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Natsu e no tobira (1981)

A club of young men who live by logic find themselves in love, and their lives fall apart as they try to cope with the emotions their romance strikes on them.


(manga), (screenplay)


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On planet Amoi, a great society has developed, creating a computerized city called Tanagura, ruled by supercomputer Jupiter. The populace is almost entirely male and is based on hair color;... See full summary »

Directors: Katsuhito Akiyama, Akira Nishimori
Stars: Shigeru Chiba, Shô Hayami, Hideyuki Hori


Credited cast:
Lindo (voice)
Tôru Furuya ...
Jacques (voice)
Keiko Han ...
Ledania (voice)
Narrator (voice)
Claude (voice)
Yû Mizushima ...
Marion (voice)
Reiko Mutô ...
Sara (voice)
Yuko Ota ...
Landlady (voice)
Hidekatsu Shibata ...
Comte de Cluny (voice)
Yoku Shioya ...
Arman (voice)
Kaneto Shiozawa ...
Gabriel (voice)
Kôji Yada ...
Professor (voice)


A club of young men who live by logic find themselves in love, and their lives fall apart as they try to cope with the emotions their romance strikes on them.

Plot Summary | Plot Synopsis

Plot Keywords:

anime | See All (1) »





Release Date:

20 March 1981 (Japan)  »

Also Known As:

The Door Into Summer  »

Company Credits

Production Co:

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Technical Specs



Aspect Ratio:

1.33 : 1
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Did You Know?


The painting in Marion's room is Michelangelo's "Leda and the Swan." See more »


Claude: [crying] I haven't got a choice. It's a dead end. There's nothing but blackness!
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User Reviews

A heartbreaking ode to adolescence
11 January 2015 | by (Zambia) – See all my reviews

Adolescence has always been a turbulent time. It marks the no-man's land between childhood and adulthood, where you have to balance your desires and needs with your obligations and responsibilities. Anyone too repressed is bound to crack, and anyone too carried away is bound to do something irrevocable. If you don't learn to maintain balance, you could change things forever.

This is the lesson four schoolboy friends on summer vacation – Marion, Claude, Lindo and Jacques - learn the hard way. The stoic and firm Marion is seduced by an older woman, which teaches him about emotional balance; his devoted friend Claude strains under a secret passion; and Lindo and Jacques quarrel over a girl they both like, which escalates into a duel to the death...

The story was written by Keiko Takemiya, an anime/manga writer who pioneered stories of relationships between males (both physical and platonic); thus the tale is sensitively written, mostly focusing on the boys, their personalities with both virtues and vices, and their development over the course of the film. The female characters don't get too much attention, but they serve as catalysts for the boys to react over and what time they have is well used.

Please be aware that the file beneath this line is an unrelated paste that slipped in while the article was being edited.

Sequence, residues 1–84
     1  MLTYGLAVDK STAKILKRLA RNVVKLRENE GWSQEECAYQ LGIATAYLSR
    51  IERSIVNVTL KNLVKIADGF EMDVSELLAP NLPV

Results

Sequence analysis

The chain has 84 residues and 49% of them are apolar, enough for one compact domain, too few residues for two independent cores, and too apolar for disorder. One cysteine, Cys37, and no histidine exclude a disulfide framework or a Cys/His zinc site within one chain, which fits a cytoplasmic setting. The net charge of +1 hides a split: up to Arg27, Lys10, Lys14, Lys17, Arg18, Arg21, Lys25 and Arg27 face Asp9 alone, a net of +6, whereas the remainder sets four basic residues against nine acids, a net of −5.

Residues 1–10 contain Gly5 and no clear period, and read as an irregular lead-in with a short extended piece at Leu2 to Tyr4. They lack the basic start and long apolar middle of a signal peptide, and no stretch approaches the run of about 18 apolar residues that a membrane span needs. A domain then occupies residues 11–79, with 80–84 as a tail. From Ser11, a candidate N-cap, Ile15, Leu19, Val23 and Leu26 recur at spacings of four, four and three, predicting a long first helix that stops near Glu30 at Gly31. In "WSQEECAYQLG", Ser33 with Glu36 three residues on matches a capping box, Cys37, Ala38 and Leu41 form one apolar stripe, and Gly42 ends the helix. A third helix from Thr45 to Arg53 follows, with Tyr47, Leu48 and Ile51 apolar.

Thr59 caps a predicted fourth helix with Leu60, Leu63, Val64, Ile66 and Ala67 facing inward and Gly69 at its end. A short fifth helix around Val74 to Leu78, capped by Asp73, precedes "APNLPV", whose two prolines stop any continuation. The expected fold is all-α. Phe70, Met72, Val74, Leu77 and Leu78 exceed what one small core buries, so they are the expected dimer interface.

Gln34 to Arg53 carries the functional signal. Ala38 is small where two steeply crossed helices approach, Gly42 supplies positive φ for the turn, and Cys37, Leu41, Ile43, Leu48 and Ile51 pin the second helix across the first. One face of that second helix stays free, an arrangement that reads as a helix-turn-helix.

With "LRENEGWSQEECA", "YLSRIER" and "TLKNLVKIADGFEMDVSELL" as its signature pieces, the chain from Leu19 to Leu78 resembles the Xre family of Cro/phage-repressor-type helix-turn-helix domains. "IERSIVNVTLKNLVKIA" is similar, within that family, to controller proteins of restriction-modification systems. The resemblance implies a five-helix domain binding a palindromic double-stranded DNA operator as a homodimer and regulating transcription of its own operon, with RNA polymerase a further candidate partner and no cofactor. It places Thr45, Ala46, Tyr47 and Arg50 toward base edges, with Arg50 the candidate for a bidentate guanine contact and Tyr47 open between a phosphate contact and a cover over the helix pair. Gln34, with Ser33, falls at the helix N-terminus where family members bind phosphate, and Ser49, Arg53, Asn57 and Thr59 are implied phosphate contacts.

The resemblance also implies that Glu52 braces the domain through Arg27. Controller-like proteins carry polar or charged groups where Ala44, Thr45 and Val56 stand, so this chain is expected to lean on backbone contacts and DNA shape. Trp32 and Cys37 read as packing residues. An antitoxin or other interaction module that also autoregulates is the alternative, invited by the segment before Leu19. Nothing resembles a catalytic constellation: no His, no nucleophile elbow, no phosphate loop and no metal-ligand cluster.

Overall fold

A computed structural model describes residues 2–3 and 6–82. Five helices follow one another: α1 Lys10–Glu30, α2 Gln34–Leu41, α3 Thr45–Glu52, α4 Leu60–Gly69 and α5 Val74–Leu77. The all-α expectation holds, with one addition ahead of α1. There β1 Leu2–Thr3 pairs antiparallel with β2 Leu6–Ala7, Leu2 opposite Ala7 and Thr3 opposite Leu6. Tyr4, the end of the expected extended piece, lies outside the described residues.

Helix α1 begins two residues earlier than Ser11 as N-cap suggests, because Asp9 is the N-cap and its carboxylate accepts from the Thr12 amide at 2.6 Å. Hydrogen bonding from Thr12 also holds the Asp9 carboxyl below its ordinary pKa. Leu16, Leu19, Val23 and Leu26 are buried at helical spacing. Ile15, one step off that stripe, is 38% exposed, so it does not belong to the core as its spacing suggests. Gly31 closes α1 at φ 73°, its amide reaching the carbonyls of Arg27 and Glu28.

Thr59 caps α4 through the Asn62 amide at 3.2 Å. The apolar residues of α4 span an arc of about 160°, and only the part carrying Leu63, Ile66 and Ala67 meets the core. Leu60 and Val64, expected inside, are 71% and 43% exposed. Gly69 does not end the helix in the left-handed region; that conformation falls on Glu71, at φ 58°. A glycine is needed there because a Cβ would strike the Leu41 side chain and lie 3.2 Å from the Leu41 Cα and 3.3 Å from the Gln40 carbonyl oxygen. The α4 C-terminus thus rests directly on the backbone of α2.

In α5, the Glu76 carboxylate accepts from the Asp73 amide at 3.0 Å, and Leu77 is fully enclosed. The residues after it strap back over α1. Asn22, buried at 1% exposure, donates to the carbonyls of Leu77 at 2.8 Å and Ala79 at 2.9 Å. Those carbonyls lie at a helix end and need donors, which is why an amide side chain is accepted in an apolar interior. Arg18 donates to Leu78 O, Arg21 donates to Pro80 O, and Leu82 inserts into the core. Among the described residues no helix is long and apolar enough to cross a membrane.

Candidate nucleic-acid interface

The feature boasts a rich, moody atmosphere to the tale, in which the animation changes according to the tone; romance and joy are portrayed in misty pastel visions, while passionate dramas are stormy and stark vignettes. One of the best scenes in the feature is of Marion finding Claude having a breakdown in a stable, which is both desperate and heartbreaking. The story also contains an air of impending doom and nostalgia through the viewpoint of an extended flashback, when the boys were younger and the outcome of the duel has already occurred...

The voices are well done, featuring a cast of now-veteran voice actors who were in their early years (it's not often you hear Yamcha and Piccolo go to war over Luna LOL). The direction is also very good, displaying both restraint and expressiveness. But the top draws in this are the artwork and the music, which enhance the film's story and turn a standard coming-of-age drama into an emotional voyage and roller-coaster (with the latter slowly and unstoppably overwhelming the former).

Overall, it's a very unique feature in anime, in that it's a mood piece (a rare thing nowadays, even for Western animation) and that it's one of the best mood pieces ever made. A great watch, and a heartbreaking ode to turbulent adolescence.

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